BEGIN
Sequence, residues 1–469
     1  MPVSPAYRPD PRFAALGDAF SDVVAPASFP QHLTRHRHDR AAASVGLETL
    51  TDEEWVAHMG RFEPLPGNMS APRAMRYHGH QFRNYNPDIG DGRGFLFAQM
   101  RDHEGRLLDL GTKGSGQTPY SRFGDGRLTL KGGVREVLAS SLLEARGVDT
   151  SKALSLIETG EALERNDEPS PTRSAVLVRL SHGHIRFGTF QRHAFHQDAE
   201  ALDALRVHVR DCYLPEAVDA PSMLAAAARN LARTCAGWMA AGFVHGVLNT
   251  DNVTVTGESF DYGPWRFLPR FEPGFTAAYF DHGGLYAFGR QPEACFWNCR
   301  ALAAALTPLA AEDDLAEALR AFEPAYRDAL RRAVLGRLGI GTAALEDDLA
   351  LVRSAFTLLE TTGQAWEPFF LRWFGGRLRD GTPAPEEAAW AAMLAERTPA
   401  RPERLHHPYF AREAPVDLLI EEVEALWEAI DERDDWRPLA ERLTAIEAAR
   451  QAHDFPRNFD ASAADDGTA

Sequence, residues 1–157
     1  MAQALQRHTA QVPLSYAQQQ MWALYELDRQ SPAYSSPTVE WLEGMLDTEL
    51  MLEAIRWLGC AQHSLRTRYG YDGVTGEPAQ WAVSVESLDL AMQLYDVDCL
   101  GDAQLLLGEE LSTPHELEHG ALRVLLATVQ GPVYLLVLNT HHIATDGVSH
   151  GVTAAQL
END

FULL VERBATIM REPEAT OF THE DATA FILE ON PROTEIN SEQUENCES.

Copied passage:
Sequence, residues 1–469
     1  MPVSPAYRPD PRFAALGDAF SDVVAPASFP QHLTRHRHDR AAASVGLETL
    51  TDEEWVAHMG RFEPLPGNMS APRAMRYHGH QFRNYNPDIG DGRGFLFAQM
   101  RDHEGRLLDL GTKGSGQTPY SRFGDGRLTL KGGVREVLAS SLLEARGVDT
   151  SKALSLIETG EALERNDEPS PTRSAVLVRL SHGHIRFGTF QRHAFHQDAE
   201  ALDALRVHVR DCYLPEAVDA PSMLAAAARN LARTCAGWMA AGFVHGVLNT
   251  DNVTVTGESF DYGPWRFLPR FEPGFTAAYF DHGGLYAFGR QPEACFWNCR
   301  ALAAALTPLA AEDDLAEALR AFEPAYRDAL RRAVLGRLGI GTAALEDDLA
   351  LVRSAFTLLE TTGQAWEPFF LRWFGGRLRD GTPAPEEAAW AAMLAERTPA
   401  RPERLHHPYF AREAPVDLLI EEVEALWEAI DERDDWRPLA ERLTAIEAAR
   451  QAHDFPRNFD ASAADDGTA

Sequence, residues 1–157
     1  MAQALQRHTA QVPLSYAQQQ MWALYELDRQ SPAYSSPTVE WLEGMLDTEL
    51  MLEAIRWLGC AQHSLRTRYG YDGVTGEPAQ WAVSVESLDL AMQLYDVDCL
   101  GDAQLLLGEE LSTPHELEHG ALRVLLATVQ GPVYLLVLNT HHIATDGVSH
   151  GVTAAQL